Basically, one may be convince to suppose that each regional states found in Ethiopia has used its power effectively in adopting a sub-national constitution that delineates a system of local government suitable for managing the ethnic diversity of its people and ensuring efficient service delivery for local communities. While such a conclusion is not entirely unwarranted, it ignores the fact that the establishment of local government was driven by the central state and hence was not a regional response to regional challenges (Anthony, 2004: 562). The EPRDF, federal ruling political party drove the agenda for establishing local government to manage ethnic diversity through regional and local structures and to increase the efficiency of service delivery. The dominance of the ruling party in council and cabinet membership reduces the political space for non-state actors to participate in economic and political issues affecting the locality. This has a negative implication for participatory governance and downward accountability of wereda governments (Meheret, 2004: 23). It is evident that there are different categories of local government in Ethiopia, each of which exists for a specific purpose. The local government units exercise powers and functions that it seems that fit the purposes for which they are established. Depending on whether they are rural woreda or cities, the regular local government units take different forms and structures and should exercise appropriate powers and functions, at least theoretically. If there are strong institutions of political competition that promote accountability to the local electorate, there will be a strong accountability of the local government to the local community (Khemani, 2004: 123).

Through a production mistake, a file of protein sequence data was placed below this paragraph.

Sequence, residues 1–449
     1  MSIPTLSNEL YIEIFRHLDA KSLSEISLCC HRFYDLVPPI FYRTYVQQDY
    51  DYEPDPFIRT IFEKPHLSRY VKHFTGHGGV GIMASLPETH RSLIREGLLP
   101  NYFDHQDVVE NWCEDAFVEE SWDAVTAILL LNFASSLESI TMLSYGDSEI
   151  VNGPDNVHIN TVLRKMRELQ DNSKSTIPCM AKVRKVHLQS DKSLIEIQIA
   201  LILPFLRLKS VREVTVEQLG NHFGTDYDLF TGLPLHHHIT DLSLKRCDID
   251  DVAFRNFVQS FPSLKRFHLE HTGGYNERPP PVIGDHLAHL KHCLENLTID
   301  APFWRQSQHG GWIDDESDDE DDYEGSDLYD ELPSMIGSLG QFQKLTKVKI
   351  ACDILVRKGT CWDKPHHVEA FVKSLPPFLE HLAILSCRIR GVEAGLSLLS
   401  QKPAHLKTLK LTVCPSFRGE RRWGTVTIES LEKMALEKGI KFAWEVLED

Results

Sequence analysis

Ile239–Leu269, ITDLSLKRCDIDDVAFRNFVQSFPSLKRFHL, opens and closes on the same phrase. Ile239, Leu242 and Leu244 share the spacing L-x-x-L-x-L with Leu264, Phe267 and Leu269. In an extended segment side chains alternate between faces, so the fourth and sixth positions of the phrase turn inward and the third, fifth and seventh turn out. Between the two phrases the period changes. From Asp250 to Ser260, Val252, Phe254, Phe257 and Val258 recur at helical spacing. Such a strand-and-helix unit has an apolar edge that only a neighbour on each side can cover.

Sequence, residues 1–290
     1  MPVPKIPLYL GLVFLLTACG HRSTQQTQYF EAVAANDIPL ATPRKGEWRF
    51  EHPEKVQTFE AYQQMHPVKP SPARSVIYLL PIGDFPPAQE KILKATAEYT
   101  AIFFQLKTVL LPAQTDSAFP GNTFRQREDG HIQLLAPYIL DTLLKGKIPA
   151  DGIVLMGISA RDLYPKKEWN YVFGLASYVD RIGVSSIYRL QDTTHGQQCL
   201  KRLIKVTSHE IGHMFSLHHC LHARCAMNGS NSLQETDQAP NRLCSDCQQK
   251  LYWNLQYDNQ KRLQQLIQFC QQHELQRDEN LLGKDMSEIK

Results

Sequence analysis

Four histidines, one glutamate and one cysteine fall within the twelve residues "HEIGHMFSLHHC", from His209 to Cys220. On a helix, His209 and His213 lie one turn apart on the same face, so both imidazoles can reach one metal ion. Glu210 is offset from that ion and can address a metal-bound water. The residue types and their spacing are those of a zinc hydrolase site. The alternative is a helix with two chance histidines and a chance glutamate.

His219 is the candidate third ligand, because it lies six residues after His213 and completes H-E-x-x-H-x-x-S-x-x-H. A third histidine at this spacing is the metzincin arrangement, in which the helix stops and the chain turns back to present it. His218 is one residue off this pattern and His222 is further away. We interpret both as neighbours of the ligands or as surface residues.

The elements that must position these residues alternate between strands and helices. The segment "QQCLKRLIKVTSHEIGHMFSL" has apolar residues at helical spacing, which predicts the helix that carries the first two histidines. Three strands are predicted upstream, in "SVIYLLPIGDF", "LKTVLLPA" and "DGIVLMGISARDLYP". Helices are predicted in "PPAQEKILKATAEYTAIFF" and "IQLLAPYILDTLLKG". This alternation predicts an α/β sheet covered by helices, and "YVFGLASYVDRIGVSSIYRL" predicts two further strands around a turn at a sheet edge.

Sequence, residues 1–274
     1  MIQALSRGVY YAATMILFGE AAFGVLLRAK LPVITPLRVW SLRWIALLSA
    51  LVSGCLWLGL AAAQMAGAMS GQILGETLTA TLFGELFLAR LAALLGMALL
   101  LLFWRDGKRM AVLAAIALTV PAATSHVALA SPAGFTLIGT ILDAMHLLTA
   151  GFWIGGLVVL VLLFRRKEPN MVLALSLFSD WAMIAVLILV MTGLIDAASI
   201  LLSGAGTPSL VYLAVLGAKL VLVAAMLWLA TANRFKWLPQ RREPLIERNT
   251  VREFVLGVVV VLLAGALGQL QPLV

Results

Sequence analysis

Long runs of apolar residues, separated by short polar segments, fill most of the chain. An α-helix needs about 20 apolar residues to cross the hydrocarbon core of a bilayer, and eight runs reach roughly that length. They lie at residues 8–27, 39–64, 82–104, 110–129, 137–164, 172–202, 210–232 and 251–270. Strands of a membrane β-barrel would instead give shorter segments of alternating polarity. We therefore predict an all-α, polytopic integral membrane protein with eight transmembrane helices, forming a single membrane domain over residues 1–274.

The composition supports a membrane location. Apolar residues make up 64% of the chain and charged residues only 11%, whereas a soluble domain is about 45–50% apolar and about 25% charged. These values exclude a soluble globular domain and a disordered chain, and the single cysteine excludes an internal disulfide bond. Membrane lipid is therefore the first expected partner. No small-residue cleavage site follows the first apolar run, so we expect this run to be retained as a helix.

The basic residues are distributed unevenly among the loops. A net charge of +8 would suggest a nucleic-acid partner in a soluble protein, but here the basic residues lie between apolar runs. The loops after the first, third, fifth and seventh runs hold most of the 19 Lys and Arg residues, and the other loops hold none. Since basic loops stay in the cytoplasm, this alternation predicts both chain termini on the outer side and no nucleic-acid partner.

As academic evidences and survey of the existing literatures reveal the studies conducted on the impact of decentralization in facilitating good governance are still largely sketchy or not adequately conducted. Even, the existing studies on the subject matter are either too general or one dimensional. For instance, only fiscal aspect or the impact of decentralization on development is considered Tegegne 2007:_). Coming to the study area, There was/is an extreme protest towards the ruling political party due to its failure to provide genuine and democratic federal system that helps to improve good governance and democratization process. This protest continued for the past two decades that brought loss of human lives and destruction of property. Thus, it requires an independent study such as of this to assess the source of extreme public protest that is enduring for the past many years at the selected study area. In one hand, decentralization of power to Woreda government is put into practice to ensure self-rule at local level and improve good governance. But practically, absence of good governance at this study Woreda is contributed/ing its own for the stated problem, on the other hand. Thus, efforts have been made to assess the nexus between decentralization of power and good governance with ongoing public protest.

Thus, with the existence of such concrete problem, it is difficult to conclude that decentralization is ensuring democratization process and good governance in the lower order of government in Ethiopia. So, by taking into consideration all the above point, this study firmly believe the need to conduct an assessment. Therefore, based on the above stated problem, the study provides the following research questions to be answered: To what extent the local leaders are accountable and responsible to their local community in the study area? Does the prevailing decentralization helps to ensure good governance at local government with particular reference to the study area? What mechanisms and institutional settings are established for effective decentralization at the study Woreda? To what extent the study Woreda community empowered through planning, decision-making, implementations and evaluations in their own local affairs? What are the opportunities and challenges of decentralization in ensuring good governance at the study Woreda?

3. Methodology

Based on the questions to be answered, qualitative research method is appropriate since it seeks to understand a given research problem or topic from the perspectives of the local population it involves. To make accurate information, both primary and secondary sources are assessed.